• OBJECTIVE: Poor metabolic health and unhealthy lifestyle factors have been associated with risk and severity of COVID-19, but data for diet are lacking. We aimed to investigate the association of diet quality with risk and severity of COVID-19 and its interaction with socioeconomic deprivation. DESIGN: We used data from 592 571 participants of the smartphone-based COVID-19 Symptom Study. Diet information was collected for the prepandemic period using a short food frequency questionnaire, and diet quality was assessed using a healthful Plant-Based Diet Score, which emphasises healthy plant foods such as fruits or vegetables. Multivariable Cox models were fitted to calculate HRs and 95% CIs for COVID-19 risk and severity defined using a validated symptom-based algorithm or hospitalisation with oxygen support, respectively. RESULTS: Over 3 886 274 person-months of follow-up, 31 815 COVID-19 cases were documented. Compared with individuals in the lowest quartile of the diet score, high diet quality was associated with lower risk of COVID-19 (HR 0.91; 95% CI 0.88 to 0.94) and severe COVID-19 (HR 0.59; 95% CI 0.47 to 0.74). The joint association of low diet quality and increased deprivation on COVID-19 risk was higher than the sum of the risk associated with each factor alone (Pinteraction=0.005). The corresponding absolute excess rate per 10 000 person/months for lowest vs highest quartile of diet score was 22.5 (95% CI 18.8 to 26.3) among persons living in areas with low deprivation and 40.8 (95% CI 31.7 to 49.8) among persons living in areas with high deprivation. CONCLUSIONS: A diet characterised by healthy plant-based foods was associated with lower risk and severity of COVID-19. This association may be particularly evident among individuals living in areas with higher socioeconomic deprivation.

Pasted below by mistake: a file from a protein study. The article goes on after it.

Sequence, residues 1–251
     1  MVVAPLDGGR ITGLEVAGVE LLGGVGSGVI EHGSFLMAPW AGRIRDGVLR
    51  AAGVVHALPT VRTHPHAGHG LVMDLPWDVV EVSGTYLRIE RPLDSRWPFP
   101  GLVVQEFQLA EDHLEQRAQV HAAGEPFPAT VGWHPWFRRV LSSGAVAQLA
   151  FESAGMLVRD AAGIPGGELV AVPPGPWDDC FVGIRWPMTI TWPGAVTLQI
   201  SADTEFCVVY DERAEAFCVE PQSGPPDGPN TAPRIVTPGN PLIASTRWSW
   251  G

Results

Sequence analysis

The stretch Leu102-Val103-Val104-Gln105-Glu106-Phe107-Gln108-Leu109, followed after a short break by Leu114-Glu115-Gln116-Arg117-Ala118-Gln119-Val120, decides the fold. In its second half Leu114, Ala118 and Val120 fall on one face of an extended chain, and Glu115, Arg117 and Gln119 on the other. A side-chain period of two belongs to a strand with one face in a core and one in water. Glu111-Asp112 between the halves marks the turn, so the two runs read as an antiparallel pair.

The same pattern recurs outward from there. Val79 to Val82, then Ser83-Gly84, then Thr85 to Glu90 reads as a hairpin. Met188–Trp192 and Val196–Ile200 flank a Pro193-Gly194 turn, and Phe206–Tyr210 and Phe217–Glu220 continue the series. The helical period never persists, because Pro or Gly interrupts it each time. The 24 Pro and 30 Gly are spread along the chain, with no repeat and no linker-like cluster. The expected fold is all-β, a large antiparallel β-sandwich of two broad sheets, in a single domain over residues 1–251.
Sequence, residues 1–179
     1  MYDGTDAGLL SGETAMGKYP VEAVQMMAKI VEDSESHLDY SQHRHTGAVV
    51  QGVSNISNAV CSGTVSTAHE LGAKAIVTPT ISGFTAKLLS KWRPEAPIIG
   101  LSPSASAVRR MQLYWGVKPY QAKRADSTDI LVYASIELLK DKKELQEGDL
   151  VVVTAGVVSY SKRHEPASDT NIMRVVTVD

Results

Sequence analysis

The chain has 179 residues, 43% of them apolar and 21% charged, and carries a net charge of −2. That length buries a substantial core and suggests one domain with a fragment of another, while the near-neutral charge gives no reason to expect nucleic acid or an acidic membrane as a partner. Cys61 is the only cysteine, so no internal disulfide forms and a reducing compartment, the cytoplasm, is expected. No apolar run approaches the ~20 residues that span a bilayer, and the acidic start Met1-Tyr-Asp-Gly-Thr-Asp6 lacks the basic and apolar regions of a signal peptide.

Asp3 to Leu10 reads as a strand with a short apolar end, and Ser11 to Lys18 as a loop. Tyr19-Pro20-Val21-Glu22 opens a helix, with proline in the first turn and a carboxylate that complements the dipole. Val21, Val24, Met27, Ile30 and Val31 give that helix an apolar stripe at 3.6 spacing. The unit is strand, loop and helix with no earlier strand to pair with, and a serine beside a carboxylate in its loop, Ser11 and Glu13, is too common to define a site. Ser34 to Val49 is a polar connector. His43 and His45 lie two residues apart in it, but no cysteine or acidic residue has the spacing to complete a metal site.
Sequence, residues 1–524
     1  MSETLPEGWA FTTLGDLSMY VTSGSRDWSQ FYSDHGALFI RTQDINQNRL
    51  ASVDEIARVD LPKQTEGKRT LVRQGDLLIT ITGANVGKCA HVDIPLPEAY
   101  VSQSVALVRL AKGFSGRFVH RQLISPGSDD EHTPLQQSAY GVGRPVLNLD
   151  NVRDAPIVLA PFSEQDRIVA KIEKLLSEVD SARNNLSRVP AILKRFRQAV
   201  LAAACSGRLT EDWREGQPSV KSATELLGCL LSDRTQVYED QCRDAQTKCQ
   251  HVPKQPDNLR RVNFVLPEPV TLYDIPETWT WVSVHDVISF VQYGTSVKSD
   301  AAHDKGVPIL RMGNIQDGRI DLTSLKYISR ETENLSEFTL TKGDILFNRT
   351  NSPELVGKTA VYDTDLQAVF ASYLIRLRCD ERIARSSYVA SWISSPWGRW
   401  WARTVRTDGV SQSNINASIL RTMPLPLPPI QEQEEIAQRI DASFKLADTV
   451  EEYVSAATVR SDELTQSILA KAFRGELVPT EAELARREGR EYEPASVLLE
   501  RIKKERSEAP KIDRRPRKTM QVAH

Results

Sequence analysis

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6.
  • Murray, Benjamin, et al. (författare)
  • Accessible data curation and analytics for international-scale citizen science datasets
  • 2021
  • Ingår i: Scientific Data. - : Nature Publishing Group. - 2052-4463. ; 8:1
  • Tidskriftsartikel (refereegranskat)abstract
    • The Covid Symptom Study, a smartphone-based surveillance study on COVID-19 symptoms in the population, is an exemplar of big data citizen science. As of May 23rd, 2021, over 5 million participants have collectively logged over 360 million self-assessment reports since its introduction in March 2020. The success of the Covid Symptom Study creates significant technical challenges around effective data curation. The primary issue is scale. The size of the dataset means that it can no longer be readily processed using standard Python-based data analytics software such as Pandas on commodity hardware. Alternative technologies exist but carry a higher technical complexity and are less accessible to many researchers. We present ExeTera, a Python-based open source software package designed to provide Pandas-like data analytics on datasets that approach terabyte scales. We present its design and capabilities, and show how it is a critical component of a data curation pipeline that enables reproducible research across an international research group for the Covid Symptom Study.
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7.
  • Sapey-Triomphe, Laurie-Anne, et al. (författare)
  • Neuroanatomical Correlates of Recognizing Face Expressions in Mild Stages of Alzheimer's Disease.
  • 2015
  • Ingår i: PloS one. - 1932-6203. ; 10:12
  • Tidskriftsartikel (refereegranskat)abstract